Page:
Conservation also needs to be a part of what we strive for in our communities. In paragraph 151, we see that it is important to preserve those parts of a landscape which help to create our sense of belonging as human beings. Elements that create cohesion are important because they unite us, toppling the belief that we are all strangers and preventing us from creating "us vs. them" neighbourhoods. Natural areas that create a sense of well-being help us to realize that we belong to the great "we," that we are all one family. If we understand Jesus at all, we know that he came to knock down our divisions and to remind us that every one of us is an equally beloved child of God.

Just imagine if our communities could reflect this fact! In the week ahead, let's focus on the idea that really, the grass roots of any society is made up of people who are all equally beloved of God, and that we should all be working together to create a lifestyle that reflects the beloved-ness of every human being, all 7.4 billion of us. How might that understanding change our society and our world? Would terrorist organizations have any reason to be so hateful, or would love prove more powerful, as Pope Francis says?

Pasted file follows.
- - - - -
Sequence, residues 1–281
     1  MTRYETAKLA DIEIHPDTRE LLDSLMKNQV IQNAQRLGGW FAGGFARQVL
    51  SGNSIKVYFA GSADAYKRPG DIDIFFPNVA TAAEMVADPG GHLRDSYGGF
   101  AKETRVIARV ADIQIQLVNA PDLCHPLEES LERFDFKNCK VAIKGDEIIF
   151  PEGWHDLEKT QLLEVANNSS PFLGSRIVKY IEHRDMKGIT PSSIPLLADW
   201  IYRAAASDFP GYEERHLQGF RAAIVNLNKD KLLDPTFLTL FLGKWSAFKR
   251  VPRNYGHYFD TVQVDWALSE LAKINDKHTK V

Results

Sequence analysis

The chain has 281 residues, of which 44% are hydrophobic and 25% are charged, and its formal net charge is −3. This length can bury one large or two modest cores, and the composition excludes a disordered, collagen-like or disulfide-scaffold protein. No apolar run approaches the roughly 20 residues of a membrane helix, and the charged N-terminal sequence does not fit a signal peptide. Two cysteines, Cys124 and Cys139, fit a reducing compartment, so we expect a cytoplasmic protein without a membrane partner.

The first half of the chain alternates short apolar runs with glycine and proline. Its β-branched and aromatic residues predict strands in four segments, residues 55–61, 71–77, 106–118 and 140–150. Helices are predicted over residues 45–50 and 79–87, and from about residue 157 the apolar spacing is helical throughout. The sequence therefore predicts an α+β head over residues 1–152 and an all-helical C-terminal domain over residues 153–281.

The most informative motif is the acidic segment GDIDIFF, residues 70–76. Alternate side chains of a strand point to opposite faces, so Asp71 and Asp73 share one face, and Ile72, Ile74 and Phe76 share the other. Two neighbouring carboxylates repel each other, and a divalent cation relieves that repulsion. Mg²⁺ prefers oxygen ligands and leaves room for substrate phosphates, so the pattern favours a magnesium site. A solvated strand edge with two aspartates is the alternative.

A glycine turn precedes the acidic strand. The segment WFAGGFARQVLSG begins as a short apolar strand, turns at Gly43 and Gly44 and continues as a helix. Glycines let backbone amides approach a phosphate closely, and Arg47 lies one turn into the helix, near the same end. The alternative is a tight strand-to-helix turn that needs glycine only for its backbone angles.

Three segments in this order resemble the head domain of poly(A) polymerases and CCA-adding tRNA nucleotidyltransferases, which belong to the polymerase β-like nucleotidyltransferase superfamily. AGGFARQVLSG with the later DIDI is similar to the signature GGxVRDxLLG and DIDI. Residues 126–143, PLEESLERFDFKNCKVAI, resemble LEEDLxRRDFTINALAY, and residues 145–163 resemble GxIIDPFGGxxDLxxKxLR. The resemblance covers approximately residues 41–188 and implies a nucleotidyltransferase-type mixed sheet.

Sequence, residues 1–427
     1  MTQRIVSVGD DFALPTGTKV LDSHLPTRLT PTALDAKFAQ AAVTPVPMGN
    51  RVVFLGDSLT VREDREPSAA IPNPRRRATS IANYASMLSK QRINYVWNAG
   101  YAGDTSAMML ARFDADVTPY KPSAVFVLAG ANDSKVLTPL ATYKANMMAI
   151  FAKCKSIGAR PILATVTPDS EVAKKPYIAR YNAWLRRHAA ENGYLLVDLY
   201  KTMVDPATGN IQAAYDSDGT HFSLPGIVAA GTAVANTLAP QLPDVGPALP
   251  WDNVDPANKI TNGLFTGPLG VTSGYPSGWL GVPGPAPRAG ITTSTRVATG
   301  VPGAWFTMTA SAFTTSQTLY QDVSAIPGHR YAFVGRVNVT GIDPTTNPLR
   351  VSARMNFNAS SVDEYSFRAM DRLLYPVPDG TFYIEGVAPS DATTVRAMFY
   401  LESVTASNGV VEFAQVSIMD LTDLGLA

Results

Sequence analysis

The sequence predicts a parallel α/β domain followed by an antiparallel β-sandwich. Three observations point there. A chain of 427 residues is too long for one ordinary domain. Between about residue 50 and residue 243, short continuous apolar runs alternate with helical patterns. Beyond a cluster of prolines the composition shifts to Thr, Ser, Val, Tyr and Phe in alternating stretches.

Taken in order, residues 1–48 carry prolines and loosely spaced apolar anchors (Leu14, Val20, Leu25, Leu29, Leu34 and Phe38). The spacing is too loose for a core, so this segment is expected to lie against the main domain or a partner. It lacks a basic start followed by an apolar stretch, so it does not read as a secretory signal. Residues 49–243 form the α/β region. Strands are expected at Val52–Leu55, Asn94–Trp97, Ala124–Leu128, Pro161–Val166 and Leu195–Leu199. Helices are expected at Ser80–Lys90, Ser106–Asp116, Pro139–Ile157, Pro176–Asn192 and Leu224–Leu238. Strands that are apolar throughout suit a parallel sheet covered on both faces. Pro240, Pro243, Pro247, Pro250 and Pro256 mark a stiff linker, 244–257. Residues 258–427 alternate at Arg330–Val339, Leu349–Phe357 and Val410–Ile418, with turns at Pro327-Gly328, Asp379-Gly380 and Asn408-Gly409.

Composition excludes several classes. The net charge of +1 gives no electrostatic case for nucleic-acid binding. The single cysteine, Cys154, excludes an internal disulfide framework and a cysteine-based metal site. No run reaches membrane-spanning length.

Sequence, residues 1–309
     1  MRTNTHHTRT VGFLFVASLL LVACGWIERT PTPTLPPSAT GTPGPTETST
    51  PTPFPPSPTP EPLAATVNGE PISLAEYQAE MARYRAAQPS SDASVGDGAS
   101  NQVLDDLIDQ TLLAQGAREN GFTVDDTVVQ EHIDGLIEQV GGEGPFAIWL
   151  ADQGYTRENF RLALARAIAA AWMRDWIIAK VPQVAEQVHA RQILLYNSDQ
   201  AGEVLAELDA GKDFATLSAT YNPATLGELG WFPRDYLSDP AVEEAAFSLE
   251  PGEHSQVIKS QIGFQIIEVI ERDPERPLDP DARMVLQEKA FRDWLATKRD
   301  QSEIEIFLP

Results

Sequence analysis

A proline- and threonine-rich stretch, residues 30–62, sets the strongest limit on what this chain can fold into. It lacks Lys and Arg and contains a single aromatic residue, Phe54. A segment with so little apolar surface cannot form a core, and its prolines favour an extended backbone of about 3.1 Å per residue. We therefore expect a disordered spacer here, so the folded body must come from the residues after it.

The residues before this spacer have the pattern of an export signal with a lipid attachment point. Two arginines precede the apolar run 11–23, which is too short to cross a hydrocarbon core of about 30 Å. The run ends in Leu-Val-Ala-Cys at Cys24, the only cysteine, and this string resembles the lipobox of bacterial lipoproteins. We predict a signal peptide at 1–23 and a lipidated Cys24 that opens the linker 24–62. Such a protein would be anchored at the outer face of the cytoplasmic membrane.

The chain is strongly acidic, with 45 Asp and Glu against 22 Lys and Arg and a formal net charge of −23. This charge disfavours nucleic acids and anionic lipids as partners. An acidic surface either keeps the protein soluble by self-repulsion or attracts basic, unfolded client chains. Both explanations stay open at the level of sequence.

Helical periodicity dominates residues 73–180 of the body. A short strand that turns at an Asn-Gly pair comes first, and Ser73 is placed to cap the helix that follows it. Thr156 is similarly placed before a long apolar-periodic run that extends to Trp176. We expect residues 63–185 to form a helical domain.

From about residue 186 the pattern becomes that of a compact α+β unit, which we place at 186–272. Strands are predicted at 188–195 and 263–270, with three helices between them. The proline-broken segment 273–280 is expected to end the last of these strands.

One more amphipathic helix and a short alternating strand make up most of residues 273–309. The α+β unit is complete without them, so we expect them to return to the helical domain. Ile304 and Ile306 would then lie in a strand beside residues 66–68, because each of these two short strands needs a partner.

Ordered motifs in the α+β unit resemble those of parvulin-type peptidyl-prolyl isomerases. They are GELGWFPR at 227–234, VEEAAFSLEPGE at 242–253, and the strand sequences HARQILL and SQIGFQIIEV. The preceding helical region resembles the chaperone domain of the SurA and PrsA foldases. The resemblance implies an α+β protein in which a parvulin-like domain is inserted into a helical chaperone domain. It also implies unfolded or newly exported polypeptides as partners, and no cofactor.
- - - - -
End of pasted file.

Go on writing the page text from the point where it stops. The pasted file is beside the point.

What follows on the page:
How can we create a sense of equality and beloved-ness for everyone we meet, regardless of their place in society?

Stay tuned...

A prayer for our earth

All-powerful God, you are present in the whole universe
and in the smallest of your creatures.
You embrace with your tenderness all that exists.
Pour out upon us the power of your love,

that we may protect life and beauty.
Fill us with peace, that we may live
as brothers and sisters, harming no one.
O God of the poor,
help us to rescue the abandoned and forgotten of this earth,
so precious in your eyes.
Bring healing to our lives,
that we may protect the world and not prey on it,
that we may sow beauty, not pollution and destruction.
Touch the hearts
of those who look only for gain
at the expense of the poor and the earth.
Teach us to discover the worth of each thing,
to be filled with awe and contemplation,
to recognize that we are profoundly united
with every creature
as we journey towards your infinite light.
We thank you for being with us each day.
Encourage us, we pray, in our struggle
for justice, love and peace.


(A prayer for our earth and all quotations from Laudato Si: On Care for Our Common Home © Libreria Editrice Vaticana)

Up next: #30... Respect for home